Okay, okay, so this is like, very, very, late. But until recently I hadn’t watched all of the films that I had wanted to for the previous year, (to be honest, I still haven’t seen either “A Single Man” or “The Lovely Bones”) but I’m pretty confident that regardless, my final list would come down to these ten films with one having a special mention. And because there are ten of these suckers (eleven!) I’m gonna keep the comments short, so without further ado…
Directed by James Cameron
Was this the most important film made all year? Yes, without a doubt. It single-handedly changed the way movies are going to be made for at least the next decade, if not forever. (Whether that’s good or bad, I’ll leave it up to the reader and eventually future filmmakers to decide.) But does that make it the best film of the year? Short answer, no. It was great, it was wonderful, it was spectacular, but it was also rather bland story wise. Don’t get me wrong. Cameron took a tried and tested story formula and made the best possible movie he could out of it. But it remains what it is, and no amount of special effects can transcend the story being told. And in the end, like all good art, that’s what it’s all about.
UP IN THE AIR
Directed by Jason Reitman
This was the first Jason Reitman movie that actually delivered for me. “Thank You For Smoking” and “Juno” were all heavily overrated, especially “Juno”, but this movie had everything necessary to succeed. An amazing cast, a witty and relevant script, and some solid directing from a man who is just starting to find a voice for himself. There’s nowhere to go but up from here for Mr. Reitman. (Painfully bad pun, intended.)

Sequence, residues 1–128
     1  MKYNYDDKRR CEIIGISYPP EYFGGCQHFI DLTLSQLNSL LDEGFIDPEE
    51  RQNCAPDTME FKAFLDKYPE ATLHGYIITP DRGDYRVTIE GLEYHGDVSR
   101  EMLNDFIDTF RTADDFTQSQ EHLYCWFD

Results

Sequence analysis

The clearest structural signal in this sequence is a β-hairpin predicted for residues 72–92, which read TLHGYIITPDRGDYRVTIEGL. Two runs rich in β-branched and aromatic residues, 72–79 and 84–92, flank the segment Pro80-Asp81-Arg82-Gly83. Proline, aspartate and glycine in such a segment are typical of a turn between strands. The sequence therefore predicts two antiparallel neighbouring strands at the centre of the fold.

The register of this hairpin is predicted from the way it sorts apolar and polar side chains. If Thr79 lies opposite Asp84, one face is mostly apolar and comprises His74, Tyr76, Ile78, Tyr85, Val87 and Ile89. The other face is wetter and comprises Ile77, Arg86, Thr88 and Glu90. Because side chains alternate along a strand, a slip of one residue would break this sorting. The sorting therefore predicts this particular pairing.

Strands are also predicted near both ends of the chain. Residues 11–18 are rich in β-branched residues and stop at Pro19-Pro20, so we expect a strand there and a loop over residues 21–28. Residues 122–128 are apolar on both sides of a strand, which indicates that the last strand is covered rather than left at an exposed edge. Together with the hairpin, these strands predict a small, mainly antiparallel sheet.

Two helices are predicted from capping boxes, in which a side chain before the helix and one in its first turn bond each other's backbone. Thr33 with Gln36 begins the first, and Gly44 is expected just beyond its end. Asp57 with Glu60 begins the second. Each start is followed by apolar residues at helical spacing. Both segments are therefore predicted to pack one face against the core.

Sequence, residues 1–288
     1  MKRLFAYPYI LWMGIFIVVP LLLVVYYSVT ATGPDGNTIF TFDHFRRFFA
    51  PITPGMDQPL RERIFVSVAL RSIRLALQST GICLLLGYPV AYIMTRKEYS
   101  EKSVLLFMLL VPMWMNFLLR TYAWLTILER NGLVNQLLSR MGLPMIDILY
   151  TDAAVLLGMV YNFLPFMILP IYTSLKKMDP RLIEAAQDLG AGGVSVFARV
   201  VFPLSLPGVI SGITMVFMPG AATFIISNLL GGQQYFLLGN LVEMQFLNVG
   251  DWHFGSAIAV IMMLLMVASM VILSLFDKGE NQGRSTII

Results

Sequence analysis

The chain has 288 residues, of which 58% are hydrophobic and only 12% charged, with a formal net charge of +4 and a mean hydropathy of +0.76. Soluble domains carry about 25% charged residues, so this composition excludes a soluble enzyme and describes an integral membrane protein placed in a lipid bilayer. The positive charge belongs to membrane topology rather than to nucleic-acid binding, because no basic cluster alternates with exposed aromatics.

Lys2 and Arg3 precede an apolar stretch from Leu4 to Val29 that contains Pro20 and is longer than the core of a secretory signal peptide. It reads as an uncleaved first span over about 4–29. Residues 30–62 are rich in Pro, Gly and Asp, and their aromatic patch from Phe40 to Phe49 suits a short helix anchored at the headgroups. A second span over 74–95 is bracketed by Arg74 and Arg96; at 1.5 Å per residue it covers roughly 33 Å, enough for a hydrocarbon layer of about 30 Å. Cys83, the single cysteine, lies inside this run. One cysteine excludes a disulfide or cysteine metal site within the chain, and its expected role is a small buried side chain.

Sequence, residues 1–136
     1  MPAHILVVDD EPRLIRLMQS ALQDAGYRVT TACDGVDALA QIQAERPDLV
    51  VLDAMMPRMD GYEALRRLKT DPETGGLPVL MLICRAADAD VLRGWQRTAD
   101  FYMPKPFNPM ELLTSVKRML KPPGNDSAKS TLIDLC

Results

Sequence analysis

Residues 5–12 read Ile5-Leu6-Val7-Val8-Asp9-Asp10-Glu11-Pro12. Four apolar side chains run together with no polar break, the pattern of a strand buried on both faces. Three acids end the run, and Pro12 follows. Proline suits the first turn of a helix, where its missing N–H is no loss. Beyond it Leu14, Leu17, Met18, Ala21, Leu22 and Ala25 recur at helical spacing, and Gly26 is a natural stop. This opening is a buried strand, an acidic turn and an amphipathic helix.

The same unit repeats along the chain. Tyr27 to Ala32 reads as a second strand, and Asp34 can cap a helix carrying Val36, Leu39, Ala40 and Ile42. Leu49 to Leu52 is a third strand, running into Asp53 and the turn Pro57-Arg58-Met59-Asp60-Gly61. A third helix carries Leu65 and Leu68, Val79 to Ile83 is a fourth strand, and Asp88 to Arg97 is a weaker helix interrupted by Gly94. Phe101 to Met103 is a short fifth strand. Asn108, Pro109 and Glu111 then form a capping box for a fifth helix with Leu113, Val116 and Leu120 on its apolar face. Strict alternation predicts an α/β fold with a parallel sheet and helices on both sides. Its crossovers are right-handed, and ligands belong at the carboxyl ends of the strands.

Directed by Lone Scherfig
Carey Mulligan, Paris, 1960’s, New Wave, Smoking, Pretty Colours, Carey Mulligan, Nuff Said. (But if you want to read more, see my review further below.)
Directed by Scott Cooper
Again, great music, Jeff Bridges, and a sexy Maggie Gyllenhaal. Want to read more? Check out below.
Directed by Jaume Balaguero and Paco Plaza
Forget “Paranormal Activity”, this is the best horror film of the year. (Though “Drag Me To Hell” would be a close second.) It’s got everything, demon/zombies, exorcisms, scary kids, bloody projectile vomiting, twists, and inventive camera techniques. It’s films like this that keep the horror genre alive and well in a market that is literally swimming with cheap and degrading product.
Directed by Steven Soderbergh
Best movie poster of the year, bar none. Also one of the funniest. I laughed my ass off at this movie and also wound up feeling incredibly bad for doing so. This film is a great example of a complicated character portrait, and to be completely honest, I’m amazed that it was even made at all considering how hard this movie must have been to sell. Check it out!
Directed by Woody Allen
Okay, I’ll admit it. Perhaps this movie is only this high on my list simply because I absolutely love both Woody Allen and Larry David. Hell, the thought of those two men together in the same room makes me need to change my pants every time I think about it. And when they came together to make this film, they made an absolutely hilarious movie in the vain of “Curb Your Enthusiasm” meets “Annie Hall”. But if you do not love either one of those things even half as much as I do, chances are you might not get this film. But this isn’t your list, it’s mine. And I love this movie. (And Woody Allen and Larry David… seriously am I the only person who wants to know what their love child would look like? I can’t be…)